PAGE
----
Wounds produce exudate (they weep) as part of the natural cleansing and healing process. It is important for a wound dressing to absorb this exudate but manage it in a way that does not dry out the wound. It is clinically proven that wounds heal faster and better in a moist environment.
Smith & Nephew produces a whole family of Allevyn* dressings for chronic wounds such as venous leg ulcers and pressure ulcers (bed sores). These wounds can be large and difficult to heal and a very serious problem to the healthcare professionals and the patients affected.
The original Allevyn dressing was developed using the latest dressing technology. It has a trilaminate structure comprising:
a non-adherent wound contact layer,
a soft and highly absorbent central layer
an outer film layer which is waterproof, and helps prevent bacterial contamination, while allowing the skin to breathe.
Its non-adherent qualities ensure that the dressing does not stick to the wound, which minimises disruption to the healing tissue when dressings are changed.
The high absorbency of Allevyn's patented foam structure means that dressing changes can be kept to a minimum. This is better for the wound healing process, more comfortable for the patient and the reduced number of dressing changes make it more cost-effective solution to the healthcare provider.
The family of Allevyn products addresses the needs of a wide variety of wounds. Deep wounds may be managed with a special 3 Dimensional dressing, Allevyn Cavity. Different shapes also provide effective application to difficult areas such as the heel. Allevyn Adhesive combines the exudate management of Allevyn with the adhesive properties of Op Site* film, thus offering a single product application where two were needed before.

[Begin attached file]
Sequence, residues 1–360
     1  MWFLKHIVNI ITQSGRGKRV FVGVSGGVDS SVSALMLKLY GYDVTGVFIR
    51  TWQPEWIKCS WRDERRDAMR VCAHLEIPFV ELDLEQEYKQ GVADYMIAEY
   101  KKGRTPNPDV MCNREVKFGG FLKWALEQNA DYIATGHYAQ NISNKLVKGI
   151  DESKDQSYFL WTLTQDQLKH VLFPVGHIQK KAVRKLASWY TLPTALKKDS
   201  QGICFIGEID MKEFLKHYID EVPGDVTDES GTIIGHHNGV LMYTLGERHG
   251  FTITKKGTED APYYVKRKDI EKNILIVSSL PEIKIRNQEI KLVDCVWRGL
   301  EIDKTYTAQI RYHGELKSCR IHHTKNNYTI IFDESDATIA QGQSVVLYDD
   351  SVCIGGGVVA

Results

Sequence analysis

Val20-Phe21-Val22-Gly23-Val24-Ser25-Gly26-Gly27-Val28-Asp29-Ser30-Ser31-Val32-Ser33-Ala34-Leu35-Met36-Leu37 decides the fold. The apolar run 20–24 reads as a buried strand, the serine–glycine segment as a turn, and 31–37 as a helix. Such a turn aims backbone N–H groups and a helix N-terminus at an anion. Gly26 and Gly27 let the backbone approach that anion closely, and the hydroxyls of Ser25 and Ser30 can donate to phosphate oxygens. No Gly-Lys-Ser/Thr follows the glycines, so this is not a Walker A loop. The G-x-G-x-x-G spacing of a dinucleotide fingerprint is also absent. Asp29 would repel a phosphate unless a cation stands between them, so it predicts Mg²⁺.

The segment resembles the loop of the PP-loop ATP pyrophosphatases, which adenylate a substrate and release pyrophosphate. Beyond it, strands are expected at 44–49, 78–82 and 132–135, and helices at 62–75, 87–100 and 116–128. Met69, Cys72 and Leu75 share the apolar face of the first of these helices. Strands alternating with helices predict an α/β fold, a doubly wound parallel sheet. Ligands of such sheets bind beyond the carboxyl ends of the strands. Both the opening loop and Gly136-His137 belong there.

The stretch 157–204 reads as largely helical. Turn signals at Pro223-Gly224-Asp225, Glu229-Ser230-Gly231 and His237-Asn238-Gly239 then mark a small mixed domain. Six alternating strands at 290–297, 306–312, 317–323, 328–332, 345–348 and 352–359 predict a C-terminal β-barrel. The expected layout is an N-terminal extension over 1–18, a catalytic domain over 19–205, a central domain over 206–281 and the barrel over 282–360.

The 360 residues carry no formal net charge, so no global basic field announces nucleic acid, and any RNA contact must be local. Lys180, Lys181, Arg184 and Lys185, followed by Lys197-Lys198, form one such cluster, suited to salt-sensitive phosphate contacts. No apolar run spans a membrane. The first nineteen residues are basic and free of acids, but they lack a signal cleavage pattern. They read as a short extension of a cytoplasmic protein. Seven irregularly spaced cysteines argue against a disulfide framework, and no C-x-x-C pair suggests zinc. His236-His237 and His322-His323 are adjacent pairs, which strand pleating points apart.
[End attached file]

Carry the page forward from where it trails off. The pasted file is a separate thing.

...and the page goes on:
The result is cleaner, easier management of those wounds which have traditionally proved difficult to care for, providing greater patient comfort and valuable savings in nursing time.
*Trademark of Smith & Nephew
Papain-Urea-Chlorophyllin Copper Complex Sodium
Description: Panafil® Ointment is an enzymatic debriding-healing ointment which contains standardized Papain, USP (not less than 521,700 USP units per gram of ointment), Urea USP 10% and Chlorophyllin Copper Complex Sodium 0.5% in a hydrophilic base composed of Purified Water, USP; Propylene Glycol, USP; White Petrolatum, USP; Stearyl Alcohol, NF; Polyoxyl 40 Stearate, NF; Sorbitan Monostearate, NF; Boric Acid, NF; Chlorobutanol (Anhydrous), NF as a preservative; Sodium Borate, NF.
Clinical Pharmacology: Papain, the proteolytic enzyme derived from the fruit of carica papaya, is a potent digestant of nonviable protein matter, but is harmless to viable tissue. It has the unique advantage of being active over a wide pH range, 3 to 12. Despite its recognized value as a digestive agent, papain is relatively ineffective when used alone as a debriding agent, primarily because it requires the presence of activators to exert its digestive function. Urea is combined with papain to provide two supplementary chemical actions: 1) to expose by solvent action the activators of papain (sulfhydryl groups) which are always present, but not necessarily accessible, in the nonviable tissue or debris of lesions, and 2) to denature the nonviable protein matter in lesions and thereby render it more susceptible to enzymatic digestion. In pharmacologic studies involving digestion of beef powder, Miller1 showed that the combination of papain and urea produced twice as much digestion as papain alone.